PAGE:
[ sal-uh-nuh-zey-shuhn ]
/ ˌsæl ə nəˈzeɪ ʃən /
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the process by which a nonsaline soil becomes saline, as by the irrigation of land with brackish water.
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Origin of salinization

First recorded in 1925–30; salinize + -ation

Words nearby salinization

Dictionary.com Unabridged Based on the Random House Unabridged Dictionary, © Random House, Inc. 2023


What is salinization?

Salinization is the process in which soil that is low in salt becomes high in salt.

In this context, “salt” doesn’t just refer to sodium chloride (table salt) but to the whole category of chemical substances known as salts.

When you grow crops, you want to grow them in soil that is low in salt so that the plants can absorb water from the ground through their roots using a process called osmosis. In osmosis, a liquid moves from a place where it can’t easily dissolve (a low concentration of solubles) to a place where it can more easily dissolve (high concentration). In this case, plants usually have a high concentration of solubles so water would move from the soil into the plant.

Salty soil, though, has a high concentration of solubles (salt), so water will stay where it is and not move into the plants. This is a big problem if you are a farmer because your plants will wither and die if they can’t absorb water.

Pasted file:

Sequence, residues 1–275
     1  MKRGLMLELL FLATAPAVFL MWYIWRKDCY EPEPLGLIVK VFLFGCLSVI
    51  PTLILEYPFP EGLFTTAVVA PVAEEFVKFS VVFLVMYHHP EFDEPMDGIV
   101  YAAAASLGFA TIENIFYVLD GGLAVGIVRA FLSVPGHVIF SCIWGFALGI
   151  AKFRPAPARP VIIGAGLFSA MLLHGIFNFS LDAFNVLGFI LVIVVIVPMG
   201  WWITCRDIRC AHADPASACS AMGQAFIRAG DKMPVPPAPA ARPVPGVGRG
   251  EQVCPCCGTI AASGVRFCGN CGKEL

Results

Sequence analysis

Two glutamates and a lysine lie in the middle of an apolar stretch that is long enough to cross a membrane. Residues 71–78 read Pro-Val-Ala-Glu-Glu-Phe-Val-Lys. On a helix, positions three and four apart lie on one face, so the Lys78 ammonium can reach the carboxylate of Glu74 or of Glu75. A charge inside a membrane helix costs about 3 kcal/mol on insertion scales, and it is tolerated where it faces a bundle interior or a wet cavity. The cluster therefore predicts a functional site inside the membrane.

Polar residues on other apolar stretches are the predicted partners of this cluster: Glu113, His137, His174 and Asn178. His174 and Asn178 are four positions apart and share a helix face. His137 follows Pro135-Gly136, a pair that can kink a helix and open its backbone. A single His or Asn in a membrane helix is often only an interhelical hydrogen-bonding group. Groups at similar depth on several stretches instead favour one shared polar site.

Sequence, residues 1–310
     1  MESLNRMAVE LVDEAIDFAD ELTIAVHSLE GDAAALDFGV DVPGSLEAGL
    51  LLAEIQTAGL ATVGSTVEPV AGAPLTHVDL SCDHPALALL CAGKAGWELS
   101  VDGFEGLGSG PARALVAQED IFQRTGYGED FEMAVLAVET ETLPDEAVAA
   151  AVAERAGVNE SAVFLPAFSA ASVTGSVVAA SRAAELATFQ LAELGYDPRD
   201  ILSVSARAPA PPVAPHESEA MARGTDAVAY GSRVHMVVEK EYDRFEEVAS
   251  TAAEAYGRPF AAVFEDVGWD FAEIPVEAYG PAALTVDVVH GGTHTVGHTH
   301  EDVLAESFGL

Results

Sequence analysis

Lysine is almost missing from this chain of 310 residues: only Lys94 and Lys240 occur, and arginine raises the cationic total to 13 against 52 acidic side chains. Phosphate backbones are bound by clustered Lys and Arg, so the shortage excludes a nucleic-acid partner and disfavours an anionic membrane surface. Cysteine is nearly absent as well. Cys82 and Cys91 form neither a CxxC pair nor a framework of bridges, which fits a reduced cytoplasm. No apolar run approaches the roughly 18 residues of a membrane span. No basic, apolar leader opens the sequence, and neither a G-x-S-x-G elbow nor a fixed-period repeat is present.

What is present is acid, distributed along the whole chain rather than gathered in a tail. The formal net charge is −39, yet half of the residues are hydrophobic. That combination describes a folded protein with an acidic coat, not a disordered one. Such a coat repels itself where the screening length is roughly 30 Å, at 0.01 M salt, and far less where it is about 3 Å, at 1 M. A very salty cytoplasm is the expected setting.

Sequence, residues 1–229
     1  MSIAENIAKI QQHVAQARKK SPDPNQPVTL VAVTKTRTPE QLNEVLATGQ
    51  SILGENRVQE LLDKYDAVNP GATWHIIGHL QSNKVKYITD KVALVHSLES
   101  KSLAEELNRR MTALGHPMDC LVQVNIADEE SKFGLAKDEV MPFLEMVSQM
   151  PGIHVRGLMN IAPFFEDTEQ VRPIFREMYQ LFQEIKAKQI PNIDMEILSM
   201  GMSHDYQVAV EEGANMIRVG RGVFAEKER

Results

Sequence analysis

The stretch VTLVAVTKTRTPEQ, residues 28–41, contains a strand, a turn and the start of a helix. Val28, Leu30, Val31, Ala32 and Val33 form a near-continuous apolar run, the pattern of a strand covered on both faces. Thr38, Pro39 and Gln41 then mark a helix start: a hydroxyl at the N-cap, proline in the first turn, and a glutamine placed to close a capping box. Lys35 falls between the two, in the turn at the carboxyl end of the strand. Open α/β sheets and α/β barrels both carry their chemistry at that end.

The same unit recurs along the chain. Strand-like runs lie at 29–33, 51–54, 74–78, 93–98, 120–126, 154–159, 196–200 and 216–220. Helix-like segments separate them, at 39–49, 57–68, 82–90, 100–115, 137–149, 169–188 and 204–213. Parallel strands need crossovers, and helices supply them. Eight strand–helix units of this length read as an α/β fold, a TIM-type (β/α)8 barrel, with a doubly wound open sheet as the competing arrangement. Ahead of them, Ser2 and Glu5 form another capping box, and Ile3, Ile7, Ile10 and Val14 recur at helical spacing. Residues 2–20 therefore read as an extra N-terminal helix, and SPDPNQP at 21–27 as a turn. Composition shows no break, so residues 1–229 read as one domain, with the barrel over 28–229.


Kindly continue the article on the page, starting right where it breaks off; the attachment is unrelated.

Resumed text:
In salinization, soil that wasn’t salty becomes so. The most common cause of salinization is too much water in the soil close to the surface.

Salinization makes it much harder to use land for farming. Often, farmers will need to spend a lot of time, money, and effort getting rid of the excess salt from the soil. Sometimes, the cost of doing this just isn’t worth it so the land will be abandoned entirely.

Salinization has become a global problem, affecting approximately 20% of the world’s farmland. Salinization is more common in arid areas where salty soil water evaporates before it can be drained.

Why is salinization important?

The first records of the word salinization come from around 1925. It is a noun formed from the verb salinize, meaning “to become salty.” Salinization can happen naturally, so the process itself is obviously much older than the term.

Natural causes of salinization include groundwater, wind, or rising sea levels moving salt into the soil. Frequently, though, salinization is caused by human farming, such as from overusing salty water, poorly managing drainage, or not washing salt out of the soil before it can accumulate to harmful levels. We can avoid salinization through proper farming practices.

Signs of salinization include soil that abnormally conducts electricity and the presence of soil-resistant weeds. Treating salty soil is difficult and expensive, so it’s better to prevent salinization from happening at all by properly draining the soil before it becomes excessively salty.

Did you know … ?

Salinization has played a huge part in human history since ancient times. For example, several ancient Mesoptomatian societies collapsed entirely when salinization caused irrigation to fail. On the other hand, the ancient Egyptians flourished along the Nile Delta largely because the regular flooding of the Nile prevented salinization and allowed them to successfully farm the land.

What are real-life examples of salinization?

Salinization is a big concern for farmers, natural scientists, and environmentalists.


What other words are related to salinization?

Quiz yourself!

True or False?

Salinization is a problem for farmers because plants cannot absorb water from salty soil.

How to use salinization in a sentence

  • More efficient use of existing water resources and control of salinization are other effective tools for improving arid lands.

    Deserts|A. S. Walker